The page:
Retailers rely on digital twin technology

Digital twin technology, creating virtual models that reflect both online and physical systems, has caught the attention of the retail market. Inventory shortages and supply chain issues have dominated retail headlines since 2022. Now, more and more retail brands are using technology to gain a better grip on inventory management and streamline the design and setup of physical stores.

From a general perspective, a digital twin is a virtual representation of a system throughout its lifecycle. Digital twin technology is generally updated using real-time data and relies on a combination of simulation and machine learning to make decisions. It is used by businesses to detect critical signals, such as customer behavior and expectations, that could influence future needs. The technology can also be set up to provide CIOs with data on market and policy trends, tracking how external factors such as fuel prices and weather events might be affecting demand in the store.

The digital twin technology market is projected to grow 42% annually to $53 billion by 2028. That’s an increase from just $6.5 billion in 2021.

According to Chap Achen, vice president of product strategy and operations at Nextuple, a SaaS and logistics company that uses digital twins to help its retail customers, usage of digital twin technology has surged this year as the holiday shopping season kicked off in earnest. Insights gained from this technology can be used to help retailers create virtual copies of their entire supply chain and create plans based on what-if scenarios – for example what stock levels would be needed at a particular store location , when a unique weather pattern occurs .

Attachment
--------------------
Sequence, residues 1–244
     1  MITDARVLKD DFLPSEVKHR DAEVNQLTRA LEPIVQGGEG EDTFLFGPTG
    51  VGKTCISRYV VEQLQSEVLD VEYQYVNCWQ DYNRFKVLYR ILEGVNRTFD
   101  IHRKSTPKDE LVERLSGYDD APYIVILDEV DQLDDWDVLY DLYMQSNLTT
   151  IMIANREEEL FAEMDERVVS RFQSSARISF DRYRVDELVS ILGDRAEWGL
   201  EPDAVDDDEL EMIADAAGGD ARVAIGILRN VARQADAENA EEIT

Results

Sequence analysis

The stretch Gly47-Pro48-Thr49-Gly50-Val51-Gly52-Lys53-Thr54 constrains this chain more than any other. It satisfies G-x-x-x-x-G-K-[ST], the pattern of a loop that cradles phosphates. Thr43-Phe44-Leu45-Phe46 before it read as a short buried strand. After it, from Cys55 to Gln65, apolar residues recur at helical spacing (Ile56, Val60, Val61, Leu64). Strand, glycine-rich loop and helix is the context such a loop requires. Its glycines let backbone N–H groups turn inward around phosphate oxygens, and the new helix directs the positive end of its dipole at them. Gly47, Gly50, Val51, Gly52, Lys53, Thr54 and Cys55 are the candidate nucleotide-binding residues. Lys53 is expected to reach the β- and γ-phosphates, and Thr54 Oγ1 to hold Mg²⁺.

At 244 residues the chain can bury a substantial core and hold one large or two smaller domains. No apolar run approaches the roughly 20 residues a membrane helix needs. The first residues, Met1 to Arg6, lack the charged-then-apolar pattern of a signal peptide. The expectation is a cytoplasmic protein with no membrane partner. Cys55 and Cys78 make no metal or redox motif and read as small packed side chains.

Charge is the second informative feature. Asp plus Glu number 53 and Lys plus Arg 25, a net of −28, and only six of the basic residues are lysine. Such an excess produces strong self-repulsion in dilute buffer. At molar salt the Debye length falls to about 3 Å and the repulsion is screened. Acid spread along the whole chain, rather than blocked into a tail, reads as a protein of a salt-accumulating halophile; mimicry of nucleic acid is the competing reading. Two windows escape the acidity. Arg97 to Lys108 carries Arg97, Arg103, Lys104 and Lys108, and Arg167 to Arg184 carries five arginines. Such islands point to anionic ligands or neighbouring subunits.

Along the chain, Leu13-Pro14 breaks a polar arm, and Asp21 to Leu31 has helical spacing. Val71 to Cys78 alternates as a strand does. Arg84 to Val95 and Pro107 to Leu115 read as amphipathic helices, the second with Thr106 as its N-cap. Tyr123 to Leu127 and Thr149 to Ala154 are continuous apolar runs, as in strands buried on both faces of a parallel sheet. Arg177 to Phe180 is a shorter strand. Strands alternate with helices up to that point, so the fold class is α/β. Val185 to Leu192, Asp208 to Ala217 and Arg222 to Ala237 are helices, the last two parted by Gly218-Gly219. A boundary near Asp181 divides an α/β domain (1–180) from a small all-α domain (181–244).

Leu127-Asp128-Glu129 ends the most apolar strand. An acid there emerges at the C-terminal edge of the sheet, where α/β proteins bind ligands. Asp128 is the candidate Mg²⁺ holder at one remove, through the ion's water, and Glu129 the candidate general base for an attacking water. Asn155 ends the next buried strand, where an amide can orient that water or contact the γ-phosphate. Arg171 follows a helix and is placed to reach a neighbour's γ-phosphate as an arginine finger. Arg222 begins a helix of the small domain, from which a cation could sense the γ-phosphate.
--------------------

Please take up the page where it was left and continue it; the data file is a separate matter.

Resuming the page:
“This technology allows retailers to model different demand patterns against their order sourcing rules to see how the impact of certain rule changes affect their ability to serve customers from a cost and speed perspective,” says Achen.

How the technology is deployed in the real world largely depends on the organization using it. Retail brands like Lowe’s and Kroger were reportedly on the cutting edge.

For example, a regional sporting goods retailer could use digital twin technology to track fuel prices and weather patterns in the markets where its stores are located. With this information, the company would be able to model how an increase in fuel prices or an unexpected natural disaster such as a hurricane would affect product flow in its supply chain. The retailer would then be able to develop contingency plans to allow the business to turn around should these unexpected events occur.

While digital twin technology is not new, its use in the retail sector is increasing. To avoid additional inventory problems, more and more retailers are using digital twin technology to plan how much inventory they need to stock at any given time and how their physical stores should be designed. They also use the technology to model merchandising strategies, identify new fulfillment opportunities and optimize business operations.

“As processing complexity increases, so do the rules for managing it,” says Achen. “It’s becoming increasingly difficult for retailers to understand the impact of changes to these rules on demand patterns that they may not have seen before.”

Data drives the results of the digital twin

Achen says the data his company provides helps retailers evaluate complete models before making permanent, real-world changes. It also plays a crucial role for omnichannel retailers this holiday season.

“With the increasing use of branches for fulfillment, but with a tight labor market and concerns about carrier availability, retailers must be concerned about pushing too much demand to certain locations in the network to avoid delays or missing holiday deliveries,” says Achen . “The data can give them insight into where there are capacity gaps and how usage can be adjusted [fulfillment centers] vs stores.”


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